Modelled rates of positive tests per 100K using data to 2nd August (Figure 14) indicate that, for the week commencing 15th August 2021, there are four local authorities with at least a 75% probability of exceeding 50 cases per 100k. These are Inverclyde, North Lanarkshire, South Lanarkshire and West Dunbartonshire. There are no local authorities which are expected to exceed 100 cases per 100k with at least a 75% probability[10].

Figure 14. Probability of local authority areas exceeding thresholds of cases per 100K (15th to 21st August 2021), data to 2nd August.

A series of four maps showing the probability of local authority areas exceeding thresholds of cases per 100K (15th to 21st August 2021).

What can analysis of wastewater samples tell us about local outbreaks of Covid-19 infection?

Levels of Covid-19 RNA in wastewater collected at a number of sites around Scotland are adjusted for population and local changes in intake flow rate and compared to 7-day average daily new case rates derived from Local Authority and Neighbourhood (Intermediate Zone) level aggregate data. See Technical Annex in Issue 34 of these Research Findings for the methodology.

Nationwide, the newest levels of wastewater Covid-19 averaged around 40-46 million gene copies per person per day, representing a decline of around 20% from last week.

The South Lanarkshire local authority overall wastewater Covid level is currently significantly above the national average, in contrast to the low levels of new cases observed there.

Figure 15 shows the national weekly aggregate for the original 28 sites (sampled from August 2020, in blue) and, from January 2021, the aggregate for the full set of 110 sampled sites (in green), with a small number of unrealistically large outliers excluded[11].

Figure 15. National average trends in wastewater Covid-19 and daily new case rates (7 day moving average) [12].

A line chart showing national average trends in wastewater Covid-19 and daily case rates.

Figure 16 shows Shieldhall (a site covering part of Glasgow), which gave a decline in weekly wastewater Covid levels similar to the national average. Dundee also showed a decline mirroring the national level. The Edinburgh site of Seafield is experiencing a decline which is steeper than seen nationally. In contrast, the Aberdeen site of Nigg shows no decline in wastewater Covid levels from the previous week

Figure 16. Wastewater Covid-19 and daily case rate (7 day moving average) for Shieldhall (covered pop: 377k) in Glasgow [13].

A line chart showing average trends in wastewater Covid-19 and daily case rates for Shieldhall in Glasgow.

All sites, besides Edinburgh, show wastewater Covid levels continuing to be higher than would be expected given the current rate of new cases. To some extent wastewater Covid levels should reflect not just incidence but prevalence, as those infected may have a peak in shedding but continue to shed for some time. This may partially explain how the wastewater patterns seem to lag the decline in case rates. Nevertheless, these should be interpreted cautiously, given the rapid pace of current developments and inherent uncertainty in all measures.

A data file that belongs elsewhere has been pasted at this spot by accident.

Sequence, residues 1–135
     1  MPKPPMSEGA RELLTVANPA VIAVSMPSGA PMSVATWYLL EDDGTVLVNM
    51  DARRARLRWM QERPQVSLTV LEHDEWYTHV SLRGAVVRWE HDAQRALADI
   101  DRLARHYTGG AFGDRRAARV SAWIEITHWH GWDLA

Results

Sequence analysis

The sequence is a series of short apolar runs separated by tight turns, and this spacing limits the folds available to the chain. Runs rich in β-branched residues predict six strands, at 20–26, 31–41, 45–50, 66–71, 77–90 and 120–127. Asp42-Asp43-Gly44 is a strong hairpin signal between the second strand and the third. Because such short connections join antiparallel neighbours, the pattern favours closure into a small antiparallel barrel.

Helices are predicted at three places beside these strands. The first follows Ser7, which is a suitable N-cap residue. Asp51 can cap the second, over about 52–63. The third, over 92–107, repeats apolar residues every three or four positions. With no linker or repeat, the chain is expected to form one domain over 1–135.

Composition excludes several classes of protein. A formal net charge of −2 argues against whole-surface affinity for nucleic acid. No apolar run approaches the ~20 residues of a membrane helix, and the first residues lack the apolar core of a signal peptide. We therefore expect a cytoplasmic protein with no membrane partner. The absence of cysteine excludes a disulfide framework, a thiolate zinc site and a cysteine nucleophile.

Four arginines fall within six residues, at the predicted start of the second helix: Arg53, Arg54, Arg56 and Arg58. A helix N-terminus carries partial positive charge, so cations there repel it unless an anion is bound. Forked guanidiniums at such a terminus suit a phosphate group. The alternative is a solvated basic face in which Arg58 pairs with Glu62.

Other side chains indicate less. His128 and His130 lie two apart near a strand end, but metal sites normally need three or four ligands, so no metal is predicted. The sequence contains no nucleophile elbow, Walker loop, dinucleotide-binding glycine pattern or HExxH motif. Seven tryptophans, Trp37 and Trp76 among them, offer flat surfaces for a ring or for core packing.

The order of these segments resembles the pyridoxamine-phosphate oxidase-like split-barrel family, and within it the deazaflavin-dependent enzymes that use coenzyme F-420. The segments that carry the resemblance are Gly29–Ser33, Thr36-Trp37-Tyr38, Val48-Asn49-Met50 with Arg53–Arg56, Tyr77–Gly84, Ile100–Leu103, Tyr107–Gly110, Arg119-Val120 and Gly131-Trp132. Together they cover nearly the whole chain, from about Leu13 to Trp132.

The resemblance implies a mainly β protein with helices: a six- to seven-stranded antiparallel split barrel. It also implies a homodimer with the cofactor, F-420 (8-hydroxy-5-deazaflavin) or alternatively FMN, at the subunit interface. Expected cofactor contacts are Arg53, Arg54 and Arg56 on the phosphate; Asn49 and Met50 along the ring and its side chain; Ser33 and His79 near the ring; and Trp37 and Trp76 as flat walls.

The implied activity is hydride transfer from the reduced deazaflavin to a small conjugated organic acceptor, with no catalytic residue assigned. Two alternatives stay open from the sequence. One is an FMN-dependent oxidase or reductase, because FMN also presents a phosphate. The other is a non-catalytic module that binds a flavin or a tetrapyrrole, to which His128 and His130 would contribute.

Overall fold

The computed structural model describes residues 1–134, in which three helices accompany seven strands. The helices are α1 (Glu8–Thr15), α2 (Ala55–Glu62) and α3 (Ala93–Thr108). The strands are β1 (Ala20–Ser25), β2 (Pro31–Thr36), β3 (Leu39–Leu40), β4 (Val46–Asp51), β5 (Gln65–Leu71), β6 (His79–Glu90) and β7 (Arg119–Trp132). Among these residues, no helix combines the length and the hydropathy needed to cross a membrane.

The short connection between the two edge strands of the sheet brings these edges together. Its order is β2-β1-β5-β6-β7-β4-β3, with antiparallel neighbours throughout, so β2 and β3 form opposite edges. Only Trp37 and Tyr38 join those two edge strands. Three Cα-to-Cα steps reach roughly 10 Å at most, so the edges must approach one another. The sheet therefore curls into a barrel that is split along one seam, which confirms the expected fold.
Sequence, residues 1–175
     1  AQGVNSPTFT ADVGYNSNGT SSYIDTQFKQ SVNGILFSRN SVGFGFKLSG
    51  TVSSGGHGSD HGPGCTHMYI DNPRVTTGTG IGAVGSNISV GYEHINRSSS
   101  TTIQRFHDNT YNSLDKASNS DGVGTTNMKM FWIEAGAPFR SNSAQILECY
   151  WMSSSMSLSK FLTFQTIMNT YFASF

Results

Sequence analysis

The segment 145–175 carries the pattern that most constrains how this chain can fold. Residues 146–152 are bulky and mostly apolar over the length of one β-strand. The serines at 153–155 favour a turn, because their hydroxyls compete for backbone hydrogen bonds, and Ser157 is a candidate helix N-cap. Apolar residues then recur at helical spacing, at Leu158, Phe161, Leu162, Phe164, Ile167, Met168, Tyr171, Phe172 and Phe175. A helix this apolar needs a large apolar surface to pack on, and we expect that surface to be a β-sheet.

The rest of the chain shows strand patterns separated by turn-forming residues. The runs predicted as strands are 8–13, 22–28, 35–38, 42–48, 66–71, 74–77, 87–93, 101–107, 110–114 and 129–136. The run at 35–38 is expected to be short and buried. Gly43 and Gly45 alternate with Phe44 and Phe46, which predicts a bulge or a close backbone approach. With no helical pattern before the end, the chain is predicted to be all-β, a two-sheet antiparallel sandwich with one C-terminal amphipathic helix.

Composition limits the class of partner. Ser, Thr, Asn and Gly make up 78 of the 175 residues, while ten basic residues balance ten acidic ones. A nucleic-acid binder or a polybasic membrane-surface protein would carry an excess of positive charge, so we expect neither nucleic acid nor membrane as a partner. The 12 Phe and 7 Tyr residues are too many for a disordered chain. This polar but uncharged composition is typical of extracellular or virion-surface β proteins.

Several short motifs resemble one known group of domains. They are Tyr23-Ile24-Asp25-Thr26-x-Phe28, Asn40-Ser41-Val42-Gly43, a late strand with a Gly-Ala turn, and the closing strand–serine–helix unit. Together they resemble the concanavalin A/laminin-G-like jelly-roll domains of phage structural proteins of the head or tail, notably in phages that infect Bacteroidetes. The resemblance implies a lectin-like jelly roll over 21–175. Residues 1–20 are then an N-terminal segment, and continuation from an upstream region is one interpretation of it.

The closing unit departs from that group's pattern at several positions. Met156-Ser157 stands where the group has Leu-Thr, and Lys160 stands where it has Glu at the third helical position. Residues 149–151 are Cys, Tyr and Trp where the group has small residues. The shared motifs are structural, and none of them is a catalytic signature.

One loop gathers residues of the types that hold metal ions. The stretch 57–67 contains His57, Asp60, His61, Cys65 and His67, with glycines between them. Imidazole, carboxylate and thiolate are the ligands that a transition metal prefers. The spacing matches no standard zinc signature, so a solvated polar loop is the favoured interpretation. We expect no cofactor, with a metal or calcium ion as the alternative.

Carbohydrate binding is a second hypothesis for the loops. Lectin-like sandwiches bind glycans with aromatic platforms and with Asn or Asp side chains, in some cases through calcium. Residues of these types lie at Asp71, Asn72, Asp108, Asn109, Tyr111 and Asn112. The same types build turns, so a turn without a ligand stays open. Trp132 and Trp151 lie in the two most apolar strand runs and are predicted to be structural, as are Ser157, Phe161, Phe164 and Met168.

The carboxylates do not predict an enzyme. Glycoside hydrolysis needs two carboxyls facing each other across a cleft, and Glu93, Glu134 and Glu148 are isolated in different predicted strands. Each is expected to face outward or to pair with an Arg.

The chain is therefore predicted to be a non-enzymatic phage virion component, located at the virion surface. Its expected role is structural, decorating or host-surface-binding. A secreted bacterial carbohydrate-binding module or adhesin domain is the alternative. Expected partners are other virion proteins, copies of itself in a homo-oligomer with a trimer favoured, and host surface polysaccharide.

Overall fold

Of the sites with a persistent high level of Covid-19 in wastewater, Paisley in Renfrewshire (Figure 17) and Daldowie in North Lanarkshire have now both registered a measurement with a large decline. However these represent single measurements and so there remains some uncertainty.

Figure 17. Wastewater Covid-19 and daily case rate (7 day moving average) for Paisley (covered pop: 82k) in Renfrewshire.

A line chart showing average trends in wastewater Covid-19 and daily case rates for Paisley in Renfrewshire.

Across South Lanarkshire, many sites including Hamilton, Philipshill and Allers all show levels that either have not fallen or are rising. The South Lanarkshire local authority overall (as shown in Figure 18) now is significantly above the national average, in contrast to the low levels of new cases being observed there. A similar pattern, albeit to a lesser extent, is seen in Fife, driven by sites like Kirkcaldy, Dunfermline and Levenmouth, though the data there is more uncertain.

Figure 18. Average trends in wastewater Covid-19 and daily case rates (7 day moving average) in South Lanarkshire (covered pop: 325k).

A line chart showing average trends in wastewater Covid-19 and daily case rates for South Lanarkshire.

What estimates do we have of the number of people experiencing long Covid symptoms?

The Scottish Government has started to model the number of people likely to experience long Covid symptoms. This has then been projected forward to estimate long Covid rates in the future based on Scottish Government medium term projection modelling as set out in Figure 19.

This modelling estimates that, at 22nd August 2021, between 39,000 (0.7% of the population) and 105,000 (1.9%) people were projected to experience symptoms for 12 weeks or more after their first suspected Covid infection in Scotland.

These are preliminary results, further data on rates of long Covid and associated syndromes as research emerges are required.

Figure 19. Estimates of long Covid prevalence at 12 weeks from 16th February 2020 to 22nd August 2021 for the 5th and 25th percentile better long Covid rates (showing 95% confidence intervals). ONS estimates with range also shown.

A percentile chart showing the estimated number of long Covid prevalence at 12 weeks, compared to ONS estimates.

What next?

The modelled estimates of the numbers of new cases and infectious people will continue to be provided as measures of the epidemic as a whole, along with measures of the current point in the epidemic such as Rt and the growth rate. Further information can be found at https://www.gov.scot/coronavirus-covid-19.

We may report on exceedance in future weeks when the background levels of Covid-19 reduces so that it can be useful in identifying outbreaks.


Contact

Email: modellingcoronavirus@gov.scot